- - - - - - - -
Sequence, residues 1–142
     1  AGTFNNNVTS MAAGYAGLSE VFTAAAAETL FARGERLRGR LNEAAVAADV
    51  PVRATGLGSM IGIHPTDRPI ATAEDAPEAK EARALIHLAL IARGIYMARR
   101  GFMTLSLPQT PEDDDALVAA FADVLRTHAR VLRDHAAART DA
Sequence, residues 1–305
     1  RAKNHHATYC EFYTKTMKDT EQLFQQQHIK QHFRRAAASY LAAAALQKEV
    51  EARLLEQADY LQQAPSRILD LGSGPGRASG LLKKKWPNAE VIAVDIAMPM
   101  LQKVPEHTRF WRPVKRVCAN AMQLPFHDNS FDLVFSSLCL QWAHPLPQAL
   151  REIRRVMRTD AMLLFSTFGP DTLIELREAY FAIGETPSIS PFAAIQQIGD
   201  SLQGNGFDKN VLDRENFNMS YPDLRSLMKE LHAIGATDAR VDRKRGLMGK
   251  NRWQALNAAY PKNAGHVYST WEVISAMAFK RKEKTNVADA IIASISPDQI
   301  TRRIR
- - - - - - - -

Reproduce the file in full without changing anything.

Sequence, residues 1–142
     1  AGTFNNNVTS MAAGYAGLSE VFTAAAAETL FARGERLRGR LNEAAVAADV
    51  PVRATGLGSM IGIHPTDRPI ATAEDAPEAK EARALIHLAL IARGIYMARR
   101  GFMTLSLPQT PEDDDALVAA FADVLRTHAR VLRDHAAART DA
Sequence, residues 1–305
     1  RAKNHHATYC EFYTKTMKDT EQLFQQQHIK QHFRRAAASY LAAAALQKEV
    51  EARLLEQADY LQQAPSRILD LGSGPGRASG LLKKKWPNAE VIAVDIAMPM
   101  LQKVPEHTRF WRPVKRVCAN AMQLPFHDNS FDLVFSSLCL QWAHPLPQAL
   151  REIRRVMRTD AMLLFSTFGP DTLIELREAY FAIGETPSIS PFAAIQQIGD
   201  SLQGNGFDKN VLDRENFNMS YPDLRSLMKE LHAIGATDAR VDRKRGLMGK
   251  NRWQALNAAY PKNAGHVYST WEVISAMAFK RKEKTNVADA IIASISPDQI
   301  TRRIR